Turning up to work in San Francisco the next day, Miles, strangely a total geek but somebody who has never owned a computer before, is scolded for his lateness, so he goes into a computer shop to try and buy an iPhone some kind of personal organiser device. They have sold out already, so he’s persuaded to buy a full-sized computer instead. Proper geeks will find this shop rather charming, filled not just with the anonymous PCs that we see today, but also with early Apples, and a surprising amount of Acorn equipment (the BBC microcomputers of yesteryear). Either revealing the British influence on this transatlantic co-production or harking back to a day when Britain was still a viable technological power, this makes for a rather sweet moment thirty years later.

Miles leaves with a Pinecone computer, and quickly wires his entire house into it. Living in the famously earthquake-prone city, his pet project is trying to design a brick which will hold together in a seismic event, rather than split apart. Of course, any engineer should have known even then that this is entirely the wrong strategy, but then, the hero of this film is an architect, so he’s allowed to be a little batty. He’s also allowed to live on his own in what must be a phenomenally expensive apartment, with beautiful cellists for his neighbours. And apparently old people too, who are an extremely rare site in modern day SF.

Anyway, for reasons which weren’t entirely obvious to me, he decides to hack into his work computer network; the computer overloads with data; he tries to stop it by pouring champagne on the computer, and this somehow gives the machine a life of its own and enables it to think by itself.

The rest of the film is pretty much incidental after this build-up, and so largely it goes along these lines: girl meets computer but thinks it’s actually boy; girl falls in love with boy; computer falls in love with girl; computer and boy fight over girl; computer sacrifices itself in the name of love. All pretty pedestrian stuff.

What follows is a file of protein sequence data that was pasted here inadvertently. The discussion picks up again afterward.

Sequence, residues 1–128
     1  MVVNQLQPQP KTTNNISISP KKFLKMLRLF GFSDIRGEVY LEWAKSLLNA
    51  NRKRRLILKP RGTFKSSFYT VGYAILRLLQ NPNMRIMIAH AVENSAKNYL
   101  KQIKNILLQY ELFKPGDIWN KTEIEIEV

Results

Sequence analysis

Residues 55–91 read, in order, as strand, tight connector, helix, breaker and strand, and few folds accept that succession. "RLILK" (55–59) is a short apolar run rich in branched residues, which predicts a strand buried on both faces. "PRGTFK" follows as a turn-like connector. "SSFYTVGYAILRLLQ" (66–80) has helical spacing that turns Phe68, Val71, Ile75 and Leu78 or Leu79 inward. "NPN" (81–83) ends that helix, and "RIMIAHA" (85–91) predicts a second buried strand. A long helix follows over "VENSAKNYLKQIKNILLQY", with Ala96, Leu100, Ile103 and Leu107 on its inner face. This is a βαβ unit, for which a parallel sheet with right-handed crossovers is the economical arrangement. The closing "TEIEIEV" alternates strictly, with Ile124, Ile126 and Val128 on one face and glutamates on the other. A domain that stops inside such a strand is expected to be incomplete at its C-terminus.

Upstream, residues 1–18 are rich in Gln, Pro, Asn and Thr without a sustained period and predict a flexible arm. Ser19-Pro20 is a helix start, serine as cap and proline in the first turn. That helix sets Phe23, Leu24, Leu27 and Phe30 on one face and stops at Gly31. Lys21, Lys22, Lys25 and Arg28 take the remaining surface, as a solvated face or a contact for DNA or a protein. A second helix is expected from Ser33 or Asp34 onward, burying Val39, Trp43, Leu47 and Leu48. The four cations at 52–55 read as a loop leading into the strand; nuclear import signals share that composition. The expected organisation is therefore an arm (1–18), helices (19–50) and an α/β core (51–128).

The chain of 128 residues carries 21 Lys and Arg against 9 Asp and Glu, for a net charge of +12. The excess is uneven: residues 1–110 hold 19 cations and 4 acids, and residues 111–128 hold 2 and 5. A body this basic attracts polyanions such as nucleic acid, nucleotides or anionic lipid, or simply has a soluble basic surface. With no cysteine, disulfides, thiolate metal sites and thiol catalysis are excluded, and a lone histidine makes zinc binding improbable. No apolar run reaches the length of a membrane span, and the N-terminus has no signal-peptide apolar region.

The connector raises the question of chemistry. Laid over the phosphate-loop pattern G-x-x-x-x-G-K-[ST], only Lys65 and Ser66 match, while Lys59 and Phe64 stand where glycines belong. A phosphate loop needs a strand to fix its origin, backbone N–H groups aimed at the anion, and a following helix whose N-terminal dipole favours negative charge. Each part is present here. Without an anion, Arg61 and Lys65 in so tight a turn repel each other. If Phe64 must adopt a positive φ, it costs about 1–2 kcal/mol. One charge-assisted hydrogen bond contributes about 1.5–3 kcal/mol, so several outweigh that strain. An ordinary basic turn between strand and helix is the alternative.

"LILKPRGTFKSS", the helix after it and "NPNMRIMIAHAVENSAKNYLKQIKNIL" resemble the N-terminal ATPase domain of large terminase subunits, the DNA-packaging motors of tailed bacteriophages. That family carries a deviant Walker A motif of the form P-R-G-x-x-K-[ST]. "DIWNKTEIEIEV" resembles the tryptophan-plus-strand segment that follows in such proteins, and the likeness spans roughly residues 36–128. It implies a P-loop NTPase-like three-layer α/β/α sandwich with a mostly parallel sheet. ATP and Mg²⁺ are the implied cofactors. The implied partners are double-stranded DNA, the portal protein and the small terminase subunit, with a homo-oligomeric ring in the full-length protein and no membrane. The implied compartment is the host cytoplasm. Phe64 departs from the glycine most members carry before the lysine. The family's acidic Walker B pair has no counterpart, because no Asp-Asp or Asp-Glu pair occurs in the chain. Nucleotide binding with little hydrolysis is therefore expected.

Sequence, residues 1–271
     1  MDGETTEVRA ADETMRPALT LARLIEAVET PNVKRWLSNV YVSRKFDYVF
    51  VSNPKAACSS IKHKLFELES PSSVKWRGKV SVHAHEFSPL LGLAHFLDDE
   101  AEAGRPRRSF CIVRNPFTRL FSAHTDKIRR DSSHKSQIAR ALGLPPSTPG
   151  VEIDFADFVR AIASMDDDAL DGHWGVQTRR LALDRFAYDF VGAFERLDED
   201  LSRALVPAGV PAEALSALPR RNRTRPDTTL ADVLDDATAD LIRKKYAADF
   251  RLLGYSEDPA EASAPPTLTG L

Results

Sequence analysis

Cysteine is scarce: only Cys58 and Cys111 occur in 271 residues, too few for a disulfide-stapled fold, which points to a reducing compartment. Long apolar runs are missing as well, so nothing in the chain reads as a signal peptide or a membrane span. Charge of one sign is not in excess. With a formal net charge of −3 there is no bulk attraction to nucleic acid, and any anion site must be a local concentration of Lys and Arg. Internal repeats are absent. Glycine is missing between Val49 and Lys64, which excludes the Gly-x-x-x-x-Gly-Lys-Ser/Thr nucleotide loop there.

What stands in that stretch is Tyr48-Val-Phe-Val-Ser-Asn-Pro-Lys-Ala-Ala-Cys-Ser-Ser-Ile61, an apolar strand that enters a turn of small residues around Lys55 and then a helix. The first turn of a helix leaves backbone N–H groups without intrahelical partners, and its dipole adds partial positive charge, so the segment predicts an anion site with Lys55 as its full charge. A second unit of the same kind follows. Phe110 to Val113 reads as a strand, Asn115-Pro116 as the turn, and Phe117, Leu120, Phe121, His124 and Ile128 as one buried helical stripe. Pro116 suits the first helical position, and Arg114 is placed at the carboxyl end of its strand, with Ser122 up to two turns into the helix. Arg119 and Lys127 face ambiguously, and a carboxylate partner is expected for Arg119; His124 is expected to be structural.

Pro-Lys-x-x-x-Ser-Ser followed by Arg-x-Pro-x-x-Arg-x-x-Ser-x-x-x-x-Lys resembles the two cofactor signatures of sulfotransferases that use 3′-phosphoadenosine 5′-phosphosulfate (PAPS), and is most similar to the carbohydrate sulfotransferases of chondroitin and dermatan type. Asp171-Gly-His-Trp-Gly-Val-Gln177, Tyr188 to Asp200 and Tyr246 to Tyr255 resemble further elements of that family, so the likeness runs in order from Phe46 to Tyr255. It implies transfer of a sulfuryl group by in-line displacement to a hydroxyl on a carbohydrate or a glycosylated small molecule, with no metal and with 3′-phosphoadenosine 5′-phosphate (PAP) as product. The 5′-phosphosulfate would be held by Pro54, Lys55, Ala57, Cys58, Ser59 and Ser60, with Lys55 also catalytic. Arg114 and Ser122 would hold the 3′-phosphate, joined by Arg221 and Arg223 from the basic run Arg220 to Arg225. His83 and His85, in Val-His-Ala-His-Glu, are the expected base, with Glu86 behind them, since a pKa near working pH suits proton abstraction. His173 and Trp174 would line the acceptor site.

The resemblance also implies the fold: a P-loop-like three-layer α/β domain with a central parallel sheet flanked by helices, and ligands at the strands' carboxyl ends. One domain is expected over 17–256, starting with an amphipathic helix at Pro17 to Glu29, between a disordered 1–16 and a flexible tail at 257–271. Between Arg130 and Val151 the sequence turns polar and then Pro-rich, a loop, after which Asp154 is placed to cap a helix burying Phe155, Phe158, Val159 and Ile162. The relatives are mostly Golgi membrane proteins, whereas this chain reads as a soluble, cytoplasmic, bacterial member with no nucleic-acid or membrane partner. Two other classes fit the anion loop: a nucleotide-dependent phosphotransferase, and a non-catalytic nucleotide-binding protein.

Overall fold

While all of this is going on, you get the monumental score by Giorgio Moroder. Having only just created his interesting version of Metropolis a year or two earlier, it could have all gone horribly wrong, but this time he managed to hold it together.

The score has some great moments, such as the cello piece The Duel. The soundtrack album also brings you hits and exclusive tracks from the likes of Jeff LynneCulture Club, and Heaven 17.

The one truly beautiful moment in the film is at the end, when the couple leave San Francisco in typically heavy rain (although this has symbolically and miraculously stopped by the time they reach the Golden Gate Bridge) and Edgar hacks into the radio to play them the wonderful Together in Electric Dreams, apparently self-composed, but of course in reality written and performed by Moroder with Phil Oakey out of The Human League.

Apparat – The Devil’s Walk

Sometimes it’s very easy to write these reviews, as I know the artists extremely well, and the words just seem to flow. Other times require a little more research. This one falls into the latter category. I know literally nothing about Apparat beyond the fact that they’re on Mute Records (good enough for starters) and I think I might have come across one of the tracks for free prior to buying the album.

Then, to my surprise, I found the album in the bargain bin of my local record store, and decided it would be rude not to, and that’s how I ended up with The Devil’s Walk in my hands.